But above everything else, the part of the game that sticks out to me the most is a particularly bad instance of jumping the shark, right before the credits. This occurs right after youíve beaten Hadron, a golden Robo who was only foreshadowed through the learning of a secret project much earlier in the game and nothing else to my knowledge. Basically, this robot has tactics programmed into him from recorded battles the protagonist has made, and is supplied with a constant supply of mental energy by Liv, creating a Robo powered through two of the strongest forces on both sides. This is actually a pretty nice idea, with the always-the-best hero having his own tactics put against himself, if just stated and nothing else, as the tactics Hadron actually used was nothing like my mine-drop-and-run tactic. But then, after its defeat and after Liv has been freed so sheís no longer supplying Hadron with energy, the Robo seemingly kills Scythe and gains all of his energy, memories, aspirations, and so on. This was never suggested to be possible earlier, it comes completely out of nowhere, and at the time it just made me say ďWhat the f**k?Ē but not in any sort of a good way. At least the presence of a seemingly invincible golden Robo had been suggested previously, but this? Not to mention that Robos arenít supposed to have personalities or mentalities when not being dived into, which just makes it stick out even more. Sure, you could argue that programming it with the protagonistís skills gave it a personality, but the protagonist is a nice guy, and would never do something like that. There is just no explanation for this from what weíve been given that would make this a good plot twist.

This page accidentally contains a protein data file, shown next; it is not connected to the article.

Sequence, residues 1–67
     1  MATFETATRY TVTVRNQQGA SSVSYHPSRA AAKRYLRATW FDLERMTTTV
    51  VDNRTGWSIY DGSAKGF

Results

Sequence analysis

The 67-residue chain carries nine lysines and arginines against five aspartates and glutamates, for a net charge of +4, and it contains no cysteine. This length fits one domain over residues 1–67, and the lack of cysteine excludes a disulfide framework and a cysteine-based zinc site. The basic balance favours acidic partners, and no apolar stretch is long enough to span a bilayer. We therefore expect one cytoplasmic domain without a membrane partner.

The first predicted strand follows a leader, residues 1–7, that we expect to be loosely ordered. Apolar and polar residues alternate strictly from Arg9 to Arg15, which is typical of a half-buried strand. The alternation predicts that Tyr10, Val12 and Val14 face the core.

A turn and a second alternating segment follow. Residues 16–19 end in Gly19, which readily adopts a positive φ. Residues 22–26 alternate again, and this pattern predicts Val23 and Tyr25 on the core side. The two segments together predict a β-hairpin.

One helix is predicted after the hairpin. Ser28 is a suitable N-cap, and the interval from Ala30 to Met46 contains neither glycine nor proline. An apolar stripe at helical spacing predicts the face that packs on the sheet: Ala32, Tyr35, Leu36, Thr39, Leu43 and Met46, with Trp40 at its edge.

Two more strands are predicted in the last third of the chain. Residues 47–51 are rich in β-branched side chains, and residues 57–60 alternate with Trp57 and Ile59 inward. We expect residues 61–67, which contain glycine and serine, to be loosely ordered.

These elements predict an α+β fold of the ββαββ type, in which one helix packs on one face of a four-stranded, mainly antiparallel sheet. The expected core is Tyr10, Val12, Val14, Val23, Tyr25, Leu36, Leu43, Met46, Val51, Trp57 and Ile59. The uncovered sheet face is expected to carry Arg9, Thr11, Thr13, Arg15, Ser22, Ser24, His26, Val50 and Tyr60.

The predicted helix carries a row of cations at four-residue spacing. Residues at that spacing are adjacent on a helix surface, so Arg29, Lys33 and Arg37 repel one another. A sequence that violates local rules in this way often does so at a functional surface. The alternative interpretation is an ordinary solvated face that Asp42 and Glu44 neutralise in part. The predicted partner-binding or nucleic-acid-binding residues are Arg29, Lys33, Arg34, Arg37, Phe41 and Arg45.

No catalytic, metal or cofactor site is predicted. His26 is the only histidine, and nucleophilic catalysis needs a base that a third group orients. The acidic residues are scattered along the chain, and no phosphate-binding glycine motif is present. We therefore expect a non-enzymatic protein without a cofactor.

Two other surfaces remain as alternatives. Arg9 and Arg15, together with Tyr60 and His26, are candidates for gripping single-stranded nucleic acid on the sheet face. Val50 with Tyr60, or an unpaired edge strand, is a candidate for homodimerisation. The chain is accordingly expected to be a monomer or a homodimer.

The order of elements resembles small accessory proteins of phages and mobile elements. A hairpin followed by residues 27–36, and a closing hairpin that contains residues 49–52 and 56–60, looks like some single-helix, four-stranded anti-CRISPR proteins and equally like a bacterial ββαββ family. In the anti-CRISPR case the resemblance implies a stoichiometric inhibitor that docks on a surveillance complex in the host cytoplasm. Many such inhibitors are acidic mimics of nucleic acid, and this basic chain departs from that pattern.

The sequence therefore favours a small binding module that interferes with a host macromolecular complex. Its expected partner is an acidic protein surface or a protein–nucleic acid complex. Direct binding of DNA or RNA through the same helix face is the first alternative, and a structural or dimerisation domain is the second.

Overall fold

So, you battle Hadron again, he perma-Soulboosts, and now your mini mecha canít even damage him. So, obviously, you die and get a game over (as a side note, for battling Hadron and the haywire security robos, I donít know why they occur in a proper arena, instead of just out in real life. We donít even see a holosseum appear in real life, so...yeah, it makes no sense). Liv tries to give you some additional power, but sheís too worn out. So everyone else around transfers their own mental energy (a continuation of the shark jumping, as itís suggested that Livís power is unique and therefore they shouldnít be able to do this) to Liv, who transfers it to the player (fridge logic: Why not just send it to the player directly?), who then has a final battle with Hadron. As soon as you are both out of your cubes, you simultaneously go into a perma-Soulboost, and have one final duel. This would normally be epic, and the first time? It was. But the problem is that, even by final boss standards, even by the standards of the in-game game breaking illegal parts, this foe is just so broken. Heís constantly gliding everywhere, has high defense so that all of your shots donít do s**t, has a weapon that flat out ignores walls and traps you in a high-damage series of green columns that launches and activates instantly, and a ton of other weapons that make him impossible to beat. Shortly before, there was another broken boss which floated in the air, was in a lava-filled arena, had incredibly annoying attacks in addition to being a heavier cube (which guaranteed that it settled and unpacked before I could at the start of each round, granting it the first hit), and these are the only two I had to change my load out to beat. Oh, and the one previously was fought twice in a row, almost identical (but I think the second was easier to beat). But you know what? I actually managed to beat that one with perseverance. No matter how hard I tried, I could not beat golden Hadron normally. No matter my set up, no matter my tactics, no matter how much I run away and drop spider mines like a b***h, I couldnít come close to beating him. Heís the only opponent I had to use the health decrease thatís available if you loose so many times to an opponent, simply because of how broken he was. Even with the shark jumping, it should have been a satisfying and awesome finale, but it was ruined by the sheer difficulty increase, again, even by final boss standards.